I know that the Civil War Monument has six hundred anonymous Confederate soldiers laid to rest there. Is there also a tomb included for two known soldiers? If so, what were their names?
George D. N. Collette, DMD
Yes, the Civil War Monument in Greenwood Cemetery is a fine memorial to some of the men -- unknown soldiers -- who died for the cause. But as you suspect, there are tombs for some men who are not buried in anonymity, and two of them were not your ordinary soldiers. In fact, they were brigadier generals.
The first of these to be buried in Greenwood Cemetery was Young Marshall Moody, who was born on June 23, 1822 in Chesterfield County, Va. Brig. Gen. Moody survived the war but made the mistake of coming to New Orleans on a business trip where he died of yellow fever on Sept. 18, 1866.
Another important officer in the Confederate Army was Thomas Moore Scott, born in 1829 in Athens, Ga. Scott was wounded at the Battle of Franklin on Nov. 30, 1864, often referred to as "the bloodiest hours of the American Civil War," but lived to tell about it before he died in New Orleans on April 21, 1876 and was buried in Greenwood Cemetery.
There are also others of lesser rank and of other branches of the military buried in Greenwood Cemetery. Two of them are William Harbin of the Confederate Navy and William Minnick of the Confederate Marine Corps, both of whom died in September 1964.
Greenwood's Confederate Monument is the first Civil War memorial to be erected in New Orleans. The low mound marks the mass grave of soldiers whose remains were gathered through the efforts of the Ladies Benevolent Association of Louisiana. The monument was dedicated in 1874.
I made my first trip to New Orleans as a teenager in 1953. I hitchhiked there with a buddy. The Roosevelt Hotel was too expensive for us, but we stayed at a hotel named either St. James or St. Charles. I know there are hotels by both those names there now, but neither of them is the one I remember. Do you know of any hotels with either of those names that existed in New Orleans in 1953?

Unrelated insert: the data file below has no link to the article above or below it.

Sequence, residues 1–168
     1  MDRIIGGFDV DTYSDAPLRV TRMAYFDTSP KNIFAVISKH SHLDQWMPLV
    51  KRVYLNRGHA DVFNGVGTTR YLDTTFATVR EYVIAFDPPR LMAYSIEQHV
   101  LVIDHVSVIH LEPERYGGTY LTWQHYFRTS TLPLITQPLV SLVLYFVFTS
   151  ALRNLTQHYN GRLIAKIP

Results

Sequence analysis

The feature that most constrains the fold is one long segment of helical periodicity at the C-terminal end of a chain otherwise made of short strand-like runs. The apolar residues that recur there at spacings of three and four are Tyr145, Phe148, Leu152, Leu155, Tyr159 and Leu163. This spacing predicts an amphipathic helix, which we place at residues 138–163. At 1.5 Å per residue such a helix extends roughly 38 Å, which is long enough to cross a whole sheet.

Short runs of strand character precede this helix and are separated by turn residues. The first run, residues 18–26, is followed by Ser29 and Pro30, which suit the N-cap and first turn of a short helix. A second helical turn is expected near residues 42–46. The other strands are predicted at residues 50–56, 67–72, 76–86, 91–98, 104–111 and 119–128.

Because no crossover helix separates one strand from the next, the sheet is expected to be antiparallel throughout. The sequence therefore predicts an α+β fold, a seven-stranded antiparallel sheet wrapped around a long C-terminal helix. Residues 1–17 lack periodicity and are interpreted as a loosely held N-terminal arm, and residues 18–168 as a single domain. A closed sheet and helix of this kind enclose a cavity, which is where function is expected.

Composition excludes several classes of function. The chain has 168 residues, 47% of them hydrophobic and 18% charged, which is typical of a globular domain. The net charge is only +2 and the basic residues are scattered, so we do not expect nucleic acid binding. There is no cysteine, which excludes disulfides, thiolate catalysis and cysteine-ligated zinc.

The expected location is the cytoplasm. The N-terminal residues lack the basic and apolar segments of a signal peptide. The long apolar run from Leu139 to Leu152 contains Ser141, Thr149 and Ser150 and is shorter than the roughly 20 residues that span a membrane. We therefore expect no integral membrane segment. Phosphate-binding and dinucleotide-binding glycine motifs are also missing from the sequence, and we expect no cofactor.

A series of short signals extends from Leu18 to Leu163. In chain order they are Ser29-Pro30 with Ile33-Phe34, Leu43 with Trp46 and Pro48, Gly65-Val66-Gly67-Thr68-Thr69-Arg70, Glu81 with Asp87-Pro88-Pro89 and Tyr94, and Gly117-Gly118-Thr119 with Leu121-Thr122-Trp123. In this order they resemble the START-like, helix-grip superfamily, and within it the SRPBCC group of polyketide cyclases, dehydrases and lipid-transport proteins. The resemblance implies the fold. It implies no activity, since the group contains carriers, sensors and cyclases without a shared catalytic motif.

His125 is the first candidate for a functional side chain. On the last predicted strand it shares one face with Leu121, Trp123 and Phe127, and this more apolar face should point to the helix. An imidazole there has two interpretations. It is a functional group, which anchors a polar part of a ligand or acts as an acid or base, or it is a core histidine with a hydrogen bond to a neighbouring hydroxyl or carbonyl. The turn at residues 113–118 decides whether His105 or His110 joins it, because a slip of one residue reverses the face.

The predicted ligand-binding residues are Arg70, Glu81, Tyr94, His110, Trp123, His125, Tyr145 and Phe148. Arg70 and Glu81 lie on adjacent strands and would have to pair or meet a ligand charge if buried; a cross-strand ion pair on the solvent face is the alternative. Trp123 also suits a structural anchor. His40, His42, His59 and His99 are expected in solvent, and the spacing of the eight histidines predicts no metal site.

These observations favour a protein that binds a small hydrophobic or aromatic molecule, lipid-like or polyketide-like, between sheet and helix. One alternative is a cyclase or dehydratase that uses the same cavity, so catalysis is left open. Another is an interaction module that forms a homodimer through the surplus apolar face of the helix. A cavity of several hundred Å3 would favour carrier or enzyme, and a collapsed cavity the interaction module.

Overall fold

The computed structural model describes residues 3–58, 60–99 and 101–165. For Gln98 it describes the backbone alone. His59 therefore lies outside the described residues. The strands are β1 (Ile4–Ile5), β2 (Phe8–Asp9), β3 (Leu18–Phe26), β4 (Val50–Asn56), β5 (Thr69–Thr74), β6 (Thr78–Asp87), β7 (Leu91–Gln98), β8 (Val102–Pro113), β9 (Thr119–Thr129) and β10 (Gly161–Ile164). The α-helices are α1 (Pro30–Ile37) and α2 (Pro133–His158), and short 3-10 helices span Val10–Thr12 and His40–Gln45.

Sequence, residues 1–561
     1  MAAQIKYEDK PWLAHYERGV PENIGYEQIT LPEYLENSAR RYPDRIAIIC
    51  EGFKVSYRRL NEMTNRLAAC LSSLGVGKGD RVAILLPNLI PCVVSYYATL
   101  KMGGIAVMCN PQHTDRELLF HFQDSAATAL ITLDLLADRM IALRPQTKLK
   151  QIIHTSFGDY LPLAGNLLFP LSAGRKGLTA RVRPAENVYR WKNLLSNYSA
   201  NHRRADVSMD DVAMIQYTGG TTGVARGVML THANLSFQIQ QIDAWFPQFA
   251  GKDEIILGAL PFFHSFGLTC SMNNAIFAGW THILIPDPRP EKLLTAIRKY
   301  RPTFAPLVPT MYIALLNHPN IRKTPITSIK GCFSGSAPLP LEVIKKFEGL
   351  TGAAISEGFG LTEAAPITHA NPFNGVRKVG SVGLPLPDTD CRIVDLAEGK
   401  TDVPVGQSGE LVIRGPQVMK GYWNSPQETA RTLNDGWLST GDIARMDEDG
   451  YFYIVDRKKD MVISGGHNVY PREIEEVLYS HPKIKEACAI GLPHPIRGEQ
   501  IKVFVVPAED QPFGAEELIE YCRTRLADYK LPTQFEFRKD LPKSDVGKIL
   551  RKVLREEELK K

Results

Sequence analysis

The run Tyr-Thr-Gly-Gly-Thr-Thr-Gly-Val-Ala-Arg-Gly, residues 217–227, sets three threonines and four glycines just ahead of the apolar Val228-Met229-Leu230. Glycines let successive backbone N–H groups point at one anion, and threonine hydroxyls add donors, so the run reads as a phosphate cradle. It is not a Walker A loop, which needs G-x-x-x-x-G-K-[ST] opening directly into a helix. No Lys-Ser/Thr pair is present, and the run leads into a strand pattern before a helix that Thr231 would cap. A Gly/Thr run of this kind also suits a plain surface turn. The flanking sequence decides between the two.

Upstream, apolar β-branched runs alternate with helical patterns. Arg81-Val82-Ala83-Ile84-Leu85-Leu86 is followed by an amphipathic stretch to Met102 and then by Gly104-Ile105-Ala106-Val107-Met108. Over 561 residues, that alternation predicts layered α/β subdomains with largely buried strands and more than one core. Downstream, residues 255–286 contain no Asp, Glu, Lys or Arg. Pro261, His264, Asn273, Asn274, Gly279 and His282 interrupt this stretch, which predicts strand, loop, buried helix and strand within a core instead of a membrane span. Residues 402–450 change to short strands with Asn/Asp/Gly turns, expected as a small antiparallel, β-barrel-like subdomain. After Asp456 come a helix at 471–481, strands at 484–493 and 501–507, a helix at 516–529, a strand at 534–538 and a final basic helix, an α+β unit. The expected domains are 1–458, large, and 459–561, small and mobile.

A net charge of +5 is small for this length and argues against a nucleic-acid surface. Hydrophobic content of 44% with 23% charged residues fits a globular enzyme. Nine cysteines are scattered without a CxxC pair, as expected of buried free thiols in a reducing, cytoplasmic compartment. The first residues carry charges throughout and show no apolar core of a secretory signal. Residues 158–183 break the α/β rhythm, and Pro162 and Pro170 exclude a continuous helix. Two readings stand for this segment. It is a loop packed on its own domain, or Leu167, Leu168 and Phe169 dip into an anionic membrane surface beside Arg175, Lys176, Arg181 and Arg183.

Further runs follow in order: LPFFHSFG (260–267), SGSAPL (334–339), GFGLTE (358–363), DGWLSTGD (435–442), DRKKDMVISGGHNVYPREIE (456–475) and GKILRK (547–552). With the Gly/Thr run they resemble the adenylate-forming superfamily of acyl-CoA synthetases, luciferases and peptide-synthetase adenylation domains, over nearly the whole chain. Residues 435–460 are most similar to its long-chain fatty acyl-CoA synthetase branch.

Stephen F. Wood
In 1953, there was indeed a St. Charles Hotel. In fact, it was the third St. Charles Hotel to stand on that spot. The first got its name because it faced St. Charles Avenue, just above Canal Street.
The third hotel of that name was built in 1896 to replace the other two that had burned down in 1851 and 1894. The third hotel was a fine building but nothing to compare to the grandeur of its predecessors. But for almost 60 years it was a place many chose for business meetings, debutant parties and Mardi Gras balls. This hotel was last operated as the Sheraton-St. Charles and was demolished in 1974.
This could have been the hotel you stayed in, but for two guys who were hitchhiking, my guess is probably not.
There was also at that time a St. James Hotel that was also built in the 1850s like the second St. Charles. The first St. James Hotel was located in a building originally called the Banks' Arcade, a three-story edifice built by Thomas Banks in 1833. It had a glass-roofed court, which combined an auction mart, a barroom and some features of a modern office building. The hotel was built when the Banks' Arcade was renovated in 1859. Just a few years later, after the Yankees occupied the city in 1862, the St. James Hotel served as a Union hospital during the Civil War.
By 1966 it was in bad shape and was demolished. It is now occupied by the Board of Trade Plaza, which is located at 316 Board of Trade Place, just off Gravier Street between Magazine and Tchoupitoulas streets.
Today, there is a new St. James Hotel just steps away at 300 Magazine Street and a new Royal St. Charles Hotel at 135 St. Charles Avenue.